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Tuesday, December 7, 2021

‘My late son left a pension in his will – what happens to it now?’

Expression of wish forms

To help the pension provider make their decision your son may have been asked to complete an expression of wish or nomination form when he joined the pension scheme. This would have allowed him to nominate his beneficiaries, making your son’s wishes clear about what he would have wanted to happen to his pension following his death. 

Before any death benefits are paid out, the pension provider will carry out an investigation to find out who the benefits should go to. This includes looking at any information it has on record, such as an expression of wish form, or information it has been able to get hold of after death, such as a copy of the will.

Completing an expression of wish form is entirely voluntary so it’s worth checking with your son’s pension provider if they have one on record. Without any instructions from your son, it may mean a delay in paying out the death benefits as the provider will need to collect information to help with their decision-making process.  

It’s important to understand that an expression of wish form is not legally binding. This is where it’s different from a will. Although pension providers will seek to accommodate your son’s wishes, they do have a legal duty to ensure that the pension is paid to the appropriate people taking into account the information they have managed to gather.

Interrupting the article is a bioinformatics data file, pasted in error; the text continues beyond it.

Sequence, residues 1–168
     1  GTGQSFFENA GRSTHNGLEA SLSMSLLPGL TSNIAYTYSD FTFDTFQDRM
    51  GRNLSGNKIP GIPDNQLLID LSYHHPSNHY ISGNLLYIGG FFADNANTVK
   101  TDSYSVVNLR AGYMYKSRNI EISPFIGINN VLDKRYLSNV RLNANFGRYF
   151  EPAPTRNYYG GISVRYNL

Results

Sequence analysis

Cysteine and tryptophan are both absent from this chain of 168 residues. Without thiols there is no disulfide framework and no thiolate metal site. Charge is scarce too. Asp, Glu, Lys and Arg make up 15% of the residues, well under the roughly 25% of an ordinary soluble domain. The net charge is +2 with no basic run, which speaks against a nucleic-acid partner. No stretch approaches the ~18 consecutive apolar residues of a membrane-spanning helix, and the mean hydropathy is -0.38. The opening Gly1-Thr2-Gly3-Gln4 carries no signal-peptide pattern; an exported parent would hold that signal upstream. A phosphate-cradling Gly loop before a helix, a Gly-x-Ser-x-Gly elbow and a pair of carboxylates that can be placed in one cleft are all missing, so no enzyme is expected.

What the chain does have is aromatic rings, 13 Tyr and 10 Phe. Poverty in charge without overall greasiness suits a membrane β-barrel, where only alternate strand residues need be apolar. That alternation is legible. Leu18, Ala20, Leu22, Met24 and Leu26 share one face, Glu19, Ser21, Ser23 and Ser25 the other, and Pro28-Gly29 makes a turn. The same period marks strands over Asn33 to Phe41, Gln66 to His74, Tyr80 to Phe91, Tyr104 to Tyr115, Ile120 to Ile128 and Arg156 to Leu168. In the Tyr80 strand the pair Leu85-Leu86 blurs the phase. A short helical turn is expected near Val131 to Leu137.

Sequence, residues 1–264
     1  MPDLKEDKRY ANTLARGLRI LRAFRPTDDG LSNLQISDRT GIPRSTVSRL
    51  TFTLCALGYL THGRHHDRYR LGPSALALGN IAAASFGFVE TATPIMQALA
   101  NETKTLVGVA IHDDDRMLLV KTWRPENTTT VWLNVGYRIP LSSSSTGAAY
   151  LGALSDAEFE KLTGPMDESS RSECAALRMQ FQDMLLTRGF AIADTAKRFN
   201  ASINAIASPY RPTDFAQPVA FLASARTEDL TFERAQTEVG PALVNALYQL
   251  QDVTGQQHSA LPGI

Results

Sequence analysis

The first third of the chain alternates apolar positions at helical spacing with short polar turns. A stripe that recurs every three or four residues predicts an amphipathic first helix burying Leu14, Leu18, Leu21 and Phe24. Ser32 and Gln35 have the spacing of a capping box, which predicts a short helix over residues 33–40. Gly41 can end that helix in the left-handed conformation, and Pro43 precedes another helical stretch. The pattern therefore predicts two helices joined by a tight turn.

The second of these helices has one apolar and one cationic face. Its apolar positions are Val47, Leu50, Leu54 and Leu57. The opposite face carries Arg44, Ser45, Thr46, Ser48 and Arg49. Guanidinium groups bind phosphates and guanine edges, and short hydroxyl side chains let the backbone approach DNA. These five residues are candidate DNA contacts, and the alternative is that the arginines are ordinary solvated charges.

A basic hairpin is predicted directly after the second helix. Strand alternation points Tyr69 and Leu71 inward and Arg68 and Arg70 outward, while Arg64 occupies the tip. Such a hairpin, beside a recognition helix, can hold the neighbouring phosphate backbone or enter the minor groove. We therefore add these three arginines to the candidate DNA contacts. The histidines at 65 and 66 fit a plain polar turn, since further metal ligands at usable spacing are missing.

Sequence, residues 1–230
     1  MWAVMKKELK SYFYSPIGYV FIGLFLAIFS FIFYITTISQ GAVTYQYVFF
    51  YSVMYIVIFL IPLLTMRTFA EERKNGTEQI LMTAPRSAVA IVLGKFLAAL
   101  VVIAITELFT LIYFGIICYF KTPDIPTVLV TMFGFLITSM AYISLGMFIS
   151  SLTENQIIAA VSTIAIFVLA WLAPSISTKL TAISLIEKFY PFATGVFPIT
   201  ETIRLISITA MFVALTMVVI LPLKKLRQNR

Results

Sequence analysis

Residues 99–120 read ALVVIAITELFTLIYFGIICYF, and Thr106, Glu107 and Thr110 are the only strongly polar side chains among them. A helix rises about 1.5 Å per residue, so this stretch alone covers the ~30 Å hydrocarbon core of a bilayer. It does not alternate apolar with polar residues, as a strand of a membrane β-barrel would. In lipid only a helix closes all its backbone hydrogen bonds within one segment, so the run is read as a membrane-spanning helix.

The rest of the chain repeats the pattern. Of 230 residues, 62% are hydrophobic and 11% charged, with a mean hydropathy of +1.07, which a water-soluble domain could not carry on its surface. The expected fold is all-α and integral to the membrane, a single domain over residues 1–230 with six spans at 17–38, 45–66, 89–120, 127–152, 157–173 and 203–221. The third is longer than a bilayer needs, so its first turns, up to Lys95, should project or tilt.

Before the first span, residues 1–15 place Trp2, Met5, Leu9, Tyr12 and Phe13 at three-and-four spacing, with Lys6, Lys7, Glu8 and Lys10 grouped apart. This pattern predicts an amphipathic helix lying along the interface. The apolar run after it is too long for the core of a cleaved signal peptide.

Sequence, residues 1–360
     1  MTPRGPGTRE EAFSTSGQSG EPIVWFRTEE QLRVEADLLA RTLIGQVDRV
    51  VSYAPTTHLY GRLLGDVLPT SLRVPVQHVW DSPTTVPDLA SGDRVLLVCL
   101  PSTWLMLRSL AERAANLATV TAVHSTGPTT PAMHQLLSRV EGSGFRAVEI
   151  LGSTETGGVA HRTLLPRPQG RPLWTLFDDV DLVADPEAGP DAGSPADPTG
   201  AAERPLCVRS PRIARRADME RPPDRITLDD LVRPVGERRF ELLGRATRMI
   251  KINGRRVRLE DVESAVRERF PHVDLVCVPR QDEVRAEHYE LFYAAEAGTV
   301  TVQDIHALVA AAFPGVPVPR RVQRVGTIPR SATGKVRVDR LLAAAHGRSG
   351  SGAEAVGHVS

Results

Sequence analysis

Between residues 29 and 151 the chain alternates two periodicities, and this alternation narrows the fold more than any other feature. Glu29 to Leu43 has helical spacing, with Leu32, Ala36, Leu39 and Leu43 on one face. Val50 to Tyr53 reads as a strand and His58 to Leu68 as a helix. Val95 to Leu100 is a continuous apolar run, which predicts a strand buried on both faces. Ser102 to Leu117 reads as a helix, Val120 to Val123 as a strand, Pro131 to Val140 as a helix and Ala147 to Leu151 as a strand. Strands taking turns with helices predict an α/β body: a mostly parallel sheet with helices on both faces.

If there are different beneficiaries in the expression of wish and will, the provider will use its discretion to decide who the benefits should be paid to following its investigation. It’s likely the provider would look at when both were completed. Generally, if both are recent and there appears to be no conflict between possible beneficiaries as to who benefits should be paid to, a provider may well take account of the expression of wish over the will.

Warning: not all pension funds have discretion over payments

However, not all pension plans are set-up this way, so may not give the pension provider any discretion on how the funds are paid out on death. Instead, the policy may dictate that lump sums must be paid to the estate on death. 

It’s also possible that your son may have completed a written direction, which is where he would have told his pension provider exactly who should receive the death benefits.  

Get in touch with the pension provider

It’s important that you contact your son’s pension provider and make them aware of his death, providing the original death certificate. This means that the process of paying out the death benefits can begin.

Find out about:

  • the arrangements for paying out the death benefits
  • what will be paid
  • whether the provider has some discretion or whether benefits have to be paid to his estate or to a trust
  • if your son completed an expression of wish form
  • and what evidence or additional information is needed for you to claim (including whether you have to provide a copy of the will).

Pensions doctor Kate Smith, of pension firm Aegon, solves your retirement issues. Write to Kate with your pension problem via pensionsdoctor@telegraph.co.uk. Columns are published twice a month on Tuesday mornings

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